Key Point 4-02. Defamation consists of (1) oral or written statements about another person; (2) that are false; (3) that are “published” (that is, communicated to other persons); and (4) that injure the other person’s reputation.
Key Point 7-17. Churches do not have to tolerate persons who disrupt religious services. Church leaders can ask a court to issue an order barring the disruptive person from the church’s premises. If the person violates the order, he or she may be removed from church premises by the police, and may be found to be in contempt of court.
A Tennessee court ruled that a statement made by a church member to police officers to the effect that another church member intended to kill someone was not defamatory since it was a statement of opinion rather than fact. A male church member (the “plaintiff”) claimed that a female pastor at his church made unfounded accusations of sexual harassment against him. The plaintiff filed a complaint with the church’s Staff-Parish Relations Committee against the pastor. He also wrote a poem, entitled “Assumptions,” which he sent via e-mail to the pastor. The poem tells a story in sixteen rhymed couplets of the arrival of “an attractive young lady” at the heavenly gates. She asks St. Peter if she can enter, and he offers her a hug “with arms opened wide.” She rejects the hug, and St. Peter rebukes her for her distrust and prejudice. He then pulls a chain, opening a door beneath the woman’s feet, with the result that “the devil embraced this woman on the other side.”
Shortly after composing this poem, the plaintiff arrived at church an hour before a scheduled worship service, and attached a copy of his poem to a bulletin board. A prefatory note attached to the poem stated that it was “One Christian’s Response to Allegations of Sexual Harassment.” A member of the Staff-Parish Relations Committee (Susan) was nearby, and as soon as the plaintiff left the hallway where the bulletin board was located, she removed the poem.
When the plaintiff returned to the hallway, an argument broke out between him and two other church members. Susan overheard the confrontation, and called the police. A police officer arrived promptly, and Susan allegedly blurted out, in the presence of her husband and the two other church members, that “he wrote a poem that threatened the life of one of our members.” The police officer escorted the plaintiff from the church premises, and the church trustees later told him not to return.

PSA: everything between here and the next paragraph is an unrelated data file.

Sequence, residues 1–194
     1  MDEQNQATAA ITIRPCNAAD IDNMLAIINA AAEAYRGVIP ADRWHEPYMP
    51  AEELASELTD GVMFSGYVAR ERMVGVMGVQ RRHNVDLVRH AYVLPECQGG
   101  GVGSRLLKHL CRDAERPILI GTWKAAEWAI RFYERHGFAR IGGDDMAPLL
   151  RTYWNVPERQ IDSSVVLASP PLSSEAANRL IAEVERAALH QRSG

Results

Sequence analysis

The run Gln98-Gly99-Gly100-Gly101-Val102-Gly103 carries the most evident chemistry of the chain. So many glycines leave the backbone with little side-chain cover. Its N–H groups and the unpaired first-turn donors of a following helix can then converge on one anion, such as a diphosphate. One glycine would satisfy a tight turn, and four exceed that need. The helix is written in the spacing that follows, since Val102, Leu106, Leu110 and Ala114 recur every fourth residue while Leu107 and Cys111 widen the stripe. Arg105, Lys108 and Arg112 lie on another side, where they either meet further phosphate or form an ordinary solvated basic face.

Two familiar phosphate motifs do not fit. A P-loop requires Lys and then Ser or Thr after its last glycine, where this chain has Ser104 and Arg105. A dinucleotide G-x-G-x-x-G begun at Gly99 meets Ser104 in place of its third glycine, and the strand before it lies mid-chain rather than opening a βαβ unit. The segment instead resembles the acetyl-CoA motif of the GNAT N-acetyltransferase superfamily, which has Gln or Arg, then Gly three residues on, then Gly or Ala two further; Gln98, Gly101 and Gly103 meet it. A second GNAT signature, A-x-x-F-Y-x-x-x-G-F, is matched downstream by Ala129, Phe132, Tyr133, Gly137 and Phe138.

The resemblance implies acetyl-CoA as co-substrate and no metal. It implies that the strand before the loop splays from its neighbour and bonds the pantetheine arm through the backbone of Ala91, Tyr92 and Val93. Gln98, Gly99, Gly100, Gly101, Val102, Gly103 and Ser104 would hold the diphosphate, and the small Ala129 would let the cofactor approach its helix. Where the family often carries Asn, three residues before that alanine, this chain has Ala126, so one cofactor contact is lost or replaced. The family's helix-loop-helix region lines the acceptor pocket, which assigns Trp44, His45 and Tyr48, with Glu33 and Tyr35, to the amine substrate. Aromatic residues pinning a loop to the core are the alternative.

The plaintiff sued Susan for defamation, claiming that her statement spread through the congregation “like a wildfire,” that it caused him great mental anguish and emotional suffering, and that it was defamatory. He asked the court to award him $100,000 in compensatory damages, $50,000 for emotional pain and suffering, and $150,000 in punitive damages. A trial court dismissed the lawsuit and issued an injunction barring the plaintiff from entering church property or having contact with any church member. The plaintiff appealed.
A state appeals court noted that defamation consists of a false statement about another person that is publicized and injures the victim’s reputation. The court concluded that Susan’s statement to the police officer was not defamatory since it was a statement of opinion:
We consider [Susan’s] statement that [the plaintiff’s] poem amounts to a threat on someone’s life to be a matter of opinion, which should not be confused with a statement of fact. This distinction is important because a statement of opinion does not usually constitute actionable defamation, while a false statement of fact may do so …. It appears to us that she was not accusing [him] of committing a crime, but was merely giving excited expression to her opinion of the underlying meaning of his poem.
The court stressed that there was no “wholesale defamation exemption” for all statements of opinion, and that a statement of opinion can be defamatory if it “implies the allegation of undisclosed defamatory facts as the basis for the opinion.” But, “where there is no false representation of fact, one may not recover in actions for defamation merely upon the expression of an opinion which is based upon disclosed, non-defamatory facts, no matter how derogatory it may be.”
The court concluded: “[Susan] has been accused of saying that the plaintiff ‘wrote a poem that threatened the life of one of our members.’ We do not believe that such a statement is equivalent to saying that he threatened someone’s life, which under the circumstances might have amounted to an allegation of fact. Nor does it carry an implication that he threatened anyone at any other time or in any other manner than by writing a poem. The alleged statement is clearly opinion only, and we therefore agree with the trial court that it is not defamatory.”
The court agreed with the plaintiff, however, that the trial court’s injunction was too broad: “If strictly followed it would prevent him from associating with any church members for any purpose whatsoever, even if the other person agreed to or welcomed that contact.” The court limited the injunction to a ban on the plaintiff’s presence on church property. Kersey v. Wilson, 2006 WL 3952899 (Tenn. App. 2007).
This Recent Development first appeared in Church Law & Tax Report, July/August 2008.